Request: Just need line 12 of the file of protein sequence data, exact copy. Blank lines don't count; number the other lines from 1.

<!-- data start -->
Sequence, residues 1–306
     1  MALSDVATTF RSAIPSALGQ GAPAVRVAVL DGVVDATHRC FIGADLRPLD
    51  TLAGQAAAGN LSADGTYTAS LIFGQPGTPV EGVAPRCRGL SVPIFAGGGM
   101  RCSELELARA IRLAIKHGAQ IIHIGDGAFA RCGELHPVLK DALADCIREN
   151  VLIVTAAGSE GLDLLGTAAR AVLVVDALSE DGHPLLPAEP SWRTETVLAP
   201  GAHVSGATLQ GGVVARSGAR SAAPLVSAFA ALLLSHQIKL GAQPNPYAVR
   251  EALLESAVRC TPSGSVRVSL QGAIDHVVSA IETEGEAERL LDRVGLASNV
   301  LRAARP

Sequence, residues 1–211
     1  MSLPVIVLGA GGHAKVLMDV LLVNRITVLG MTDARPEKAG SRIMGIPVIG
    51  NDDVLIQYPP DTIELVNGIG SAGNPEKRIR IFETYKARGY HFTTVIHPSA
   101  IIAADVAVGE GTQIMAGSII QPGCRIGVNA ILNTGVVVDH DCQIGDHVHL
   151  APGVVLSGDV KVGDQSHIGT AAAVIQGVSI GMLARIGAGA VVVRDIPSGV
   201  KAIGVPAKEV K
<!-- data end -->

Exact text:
   101  IIAADVAVGE GTQIMAGSII QPGCRIGVNA ILNTGVVVDH DCQIGDHVHL